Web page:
c y b o r g m a n i f e s t o 2 . 0
:: t e c h n o l o g i e s :: h y p e r t e x t
:: m u l t i l i n e a r i t y
One crucial feature of hypertext, as George Landow describes in chapter 1 of "Hypertext 2.0", is the fact that it allows for lexia-to-lexia, string-to-string, many-to-one and one-to-many linking which causes rich hypertext documents to be multilinear. This feature fits with the idea of a fragmented, rather than a unified, self, and especially makes the medium ideal for creating partial alliances or creating multiple connections by virtue of analogy, metaphor or metonymy. A question we could ask ourselves however is: What about linking across differences, or to 'the other we cannot know', as Jacques Derrida puts it in his idea of hospitality?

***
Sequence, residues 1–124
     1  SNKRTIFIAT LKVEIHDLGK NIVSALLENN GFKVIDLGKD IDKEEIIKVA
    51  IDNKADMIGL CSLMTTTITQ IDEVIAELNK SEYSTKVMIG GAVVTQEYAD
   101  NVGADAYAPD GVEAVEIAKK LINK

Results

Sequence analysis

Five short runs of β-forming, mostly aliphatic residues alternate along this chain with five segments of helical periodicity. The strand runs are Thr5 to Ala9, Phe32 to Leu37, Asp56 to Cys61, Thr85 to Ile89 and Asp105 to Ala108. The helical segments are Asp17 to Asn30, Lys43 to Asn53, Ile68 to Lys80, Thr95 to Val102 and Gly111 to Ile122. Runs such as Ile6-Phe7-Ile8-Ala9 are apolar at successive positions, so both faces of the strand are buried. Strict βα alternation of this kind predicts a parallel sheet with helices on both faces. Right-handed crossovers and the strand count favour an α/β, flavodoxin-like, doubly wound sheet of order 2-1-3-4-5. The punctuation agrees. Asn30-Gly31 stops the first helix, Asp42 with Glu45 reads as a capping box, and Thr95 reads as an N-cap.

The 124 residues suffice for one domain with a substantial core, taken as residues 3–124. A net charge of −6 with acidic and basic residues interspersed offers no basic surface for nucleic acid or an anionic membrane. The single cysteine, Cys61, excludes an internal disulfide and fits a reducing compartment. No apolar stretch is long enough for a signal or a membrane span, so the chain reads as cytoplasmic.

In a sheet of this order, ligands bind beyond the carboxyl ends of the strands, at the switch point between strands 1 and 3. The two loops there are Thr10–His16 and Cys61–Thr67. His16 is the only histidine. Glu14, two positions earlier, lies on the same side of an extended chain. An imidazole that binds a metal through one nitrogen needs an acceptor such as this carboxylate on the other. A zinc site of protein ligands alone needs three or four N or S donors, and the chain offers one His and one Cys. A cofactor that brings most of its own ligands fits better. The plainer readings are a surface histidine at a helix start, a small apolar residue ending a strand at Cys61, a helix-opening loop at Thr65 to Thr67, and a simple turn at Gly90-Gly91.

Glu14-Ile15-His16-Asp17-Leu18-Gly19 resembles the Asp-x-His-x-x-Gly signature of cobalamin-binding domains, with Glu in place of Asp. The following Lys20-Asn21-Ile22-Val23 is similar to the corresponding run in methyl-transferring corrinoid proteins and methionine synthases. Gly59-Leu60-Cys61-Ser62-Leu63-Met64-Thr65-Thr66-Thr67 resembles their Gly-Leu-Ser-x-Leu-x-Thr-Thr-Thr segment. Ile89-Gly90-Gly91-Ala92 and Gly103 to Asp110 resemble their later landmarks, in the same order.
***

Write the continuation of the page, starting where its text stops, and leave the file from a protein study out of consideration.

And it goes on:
Although a hypertext docuverse is much more explicit in having multiple authors where not one gets easily foregrounded, and it hypertext offers an excellent tool for collaboration, still the question of authorative control, both in content of lexias and in who puts the links where and why, remains. As Jacques Derrida shows us: any text that has enunciative and authorative powers implies a singular addresser, and any text that does so can be deconstructed (or shown to have a conceptual center after all), making the potential space for the 'other' a problematic thing. Will potentially extremely open hypertext clusters, like for instance the Indymedia project, allow for this Derridean hospitality, or does even there certain concepts govern the structuring of materials?
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